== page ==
Overactive neurons in specific regions of the brain are thought to be early disturbances of Alzheimer’s disease. In a new study, researchers from the Technical University of Munich, Germany, were the first to explain the causes and mechanisms of this early important neurological dysfunction. They found that the excitatory neurotransmitter glutamate persisted for too long in the vicinity of active neurons. This causes these neurons to suffer from pathological over-stimulation, which is likely to be a key factor in learning and memory loss in patients with Alzheimer’s disease. The results of the study were published in the August 9th, 2019 issue of Science, entitled ‘A vicious cycle of β amyloid–dependent neuronal hyperactivation.’
The brains of patients with Alzheimer’s disease who have developed clinical symptoms contain large β-amyloid masses (ie, plaques). Many treatments focus on the removal of plaques, but so far this attempt has only met with limited success.
Arthur Konnerth, author of the paper and professor of neuroscience at the Technical University of Munich, explains, “We are critical to detecting and treating this disease earlier. Therefore, we focus on overactive neurons, which are more common in this disease. It occurs early, and it occurs long before the patient has memory loss.’ Because of hyperactivity, neurons connected together in the neural circuit constantly receive false signals, which leads to damage to signal processing.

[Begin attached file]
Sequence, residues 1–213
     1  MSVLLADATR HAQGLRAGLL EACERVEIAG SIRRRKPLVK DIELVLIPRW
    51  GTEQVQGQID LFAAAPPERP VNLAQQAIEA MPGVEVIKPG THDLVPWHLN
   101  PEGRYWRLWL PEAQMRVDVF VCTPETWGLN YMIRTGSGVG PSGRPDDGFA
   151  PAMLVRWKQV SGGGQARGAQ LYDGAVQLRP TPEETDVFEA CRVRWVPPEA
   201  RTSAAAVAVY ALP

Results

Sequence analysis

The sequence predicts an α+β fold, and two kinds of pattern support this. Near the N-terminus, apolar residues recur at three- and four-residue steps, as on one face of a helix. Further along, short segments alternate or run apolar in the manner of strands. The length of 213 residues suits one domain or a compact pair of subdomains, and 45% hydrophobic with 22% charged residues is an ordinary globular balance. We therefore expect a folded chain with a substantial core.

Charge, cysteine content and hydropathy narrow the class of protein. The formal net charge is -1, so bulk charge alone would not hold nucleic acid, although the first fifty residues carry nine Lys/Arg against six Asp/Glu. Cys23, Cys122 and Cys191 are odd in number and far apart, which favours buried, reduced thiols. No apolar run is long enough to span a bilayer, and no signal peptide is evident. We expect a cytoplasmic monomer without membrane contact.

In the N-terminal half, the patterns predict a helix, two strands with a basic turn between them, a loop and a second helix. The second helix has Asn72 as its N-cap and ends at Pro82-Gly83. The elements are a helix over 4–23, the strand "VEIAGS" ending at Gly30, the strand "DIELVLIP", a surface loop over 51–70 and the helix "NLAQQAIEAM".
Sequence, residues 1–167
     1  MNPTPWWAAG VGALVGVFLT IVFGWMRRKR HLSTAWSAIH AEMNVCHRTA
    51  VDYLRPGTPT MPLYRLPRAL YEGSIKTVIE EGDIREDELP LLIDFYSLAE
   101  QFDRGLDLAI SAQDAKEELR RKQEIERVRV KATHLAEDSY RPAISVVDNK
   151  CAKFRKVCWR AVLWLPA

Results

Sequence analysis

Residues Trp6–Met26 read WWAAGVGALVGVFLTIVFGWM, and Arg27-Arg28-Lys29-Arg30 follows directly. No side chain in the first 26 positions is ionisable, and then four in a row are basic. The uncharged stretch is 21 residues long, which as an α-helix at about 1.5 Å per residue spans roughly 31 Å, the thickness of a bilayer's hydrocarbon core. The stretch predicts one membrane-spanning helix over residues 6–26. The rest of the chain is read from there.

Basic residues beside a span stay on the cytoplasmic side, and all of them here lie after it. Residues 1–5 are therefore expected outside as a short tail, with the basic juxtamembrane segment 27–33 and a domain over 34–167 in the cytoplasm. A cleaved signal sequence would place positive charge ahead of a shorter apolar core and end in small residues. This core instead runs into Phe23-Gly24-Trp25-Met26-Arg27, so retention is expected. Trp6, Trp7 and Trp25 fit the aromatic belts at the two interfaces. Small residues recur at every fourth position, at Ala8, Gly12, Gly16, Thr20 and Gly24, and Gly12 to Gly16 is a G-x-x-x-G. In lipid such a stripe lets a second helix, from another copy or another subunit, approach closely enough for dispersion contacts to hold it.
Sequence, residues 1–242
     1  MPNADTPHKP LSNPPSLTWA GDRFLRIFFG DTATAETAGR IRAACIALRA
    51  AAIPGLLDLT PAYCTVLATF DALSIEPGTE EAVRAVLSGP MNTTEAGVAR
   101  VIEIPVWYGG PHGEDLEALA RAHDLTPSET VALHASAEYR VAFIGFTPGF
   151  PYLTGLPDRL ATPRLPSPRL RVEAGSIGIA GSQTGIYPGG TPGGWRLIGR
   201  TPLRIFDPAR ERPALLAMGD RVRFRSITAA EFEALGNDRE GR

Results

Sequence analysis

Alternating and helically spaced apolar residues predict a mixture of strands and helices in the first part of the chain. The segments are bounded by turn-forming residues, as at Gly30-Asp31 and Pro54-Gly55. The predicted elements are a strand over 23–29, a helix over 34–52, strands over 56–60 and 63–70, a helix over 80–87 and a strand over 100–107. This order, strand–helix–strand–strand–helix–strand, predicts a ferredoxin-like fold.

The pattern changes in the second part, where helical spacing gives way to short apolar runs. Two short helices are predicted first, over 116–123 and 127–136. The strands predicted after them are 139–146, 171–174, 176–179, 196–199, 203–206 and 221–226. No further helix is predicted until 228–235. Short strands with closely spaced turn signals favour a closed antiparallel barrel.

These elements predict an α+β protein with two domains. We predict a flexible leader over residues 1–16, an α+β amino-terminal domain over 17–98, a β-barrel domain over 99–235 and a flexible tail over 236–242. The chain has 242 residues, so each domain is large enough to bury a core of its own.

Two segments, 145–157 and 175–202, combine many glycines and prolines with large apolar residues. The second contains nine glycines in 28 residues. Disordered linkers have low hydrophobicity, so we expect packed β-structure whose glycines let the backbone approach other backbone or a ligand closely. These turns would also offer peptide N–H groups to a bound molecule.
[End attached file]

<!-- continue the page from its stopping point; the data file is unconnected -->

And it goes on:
Konnerth, his PhD student Benedikt Zott, and his team succeeded in identifying the causes and triggers that triggered this early disturbance in the brain. This discovery may open the way for new treatments.
Neurons communicate with each other using chemicals called neurotransmitters. As one of the most important chemicals, glutamate plays a role in activating neurons that are connected together. Glutamate is released at a junction site called a synapse between two neurons and is quickly removed to allow propagation of the next signal. This removal involves the so-called active pump molecules and the passive transport of glutamate along nearby cell membranes.
These researchers found that high concentrations of glutamate persisted for too long in the synaptic cleft of highly active neurons. This is due to the action of beta-amyloid molecules: they prevent glutamate from transporting out of the synaptic cleft. They tested this mechanism using beta-amyloid molecules from patient samples and tested them using various mouse models, all with similar results.
he researchers also found that this neurotransmitter blockade is mediated by early soluble beta-amyloid rather than plaque. Beta-amyloid is initially present in a single molecule form (monomer) and then aggregates into a bimolecular form (dimer) and a larger β-amyloid chain, eventually forming plaques. They found that glutamate blockade is caused by soluble beta-amyloid dimers.
As the first author of the paper, Benedict Zott, outlined, “Our data provide clear evidence for the rapid and direct toxic effects of a specific β-amyloid (ie, dimer). We can even explain this. mechanism.’ These researchers now want to use this knowledge to further enhance their understanding of the cellular mechanisms of Alzheimer’s disease and support the development of treatment strategies for the early stages of the disease.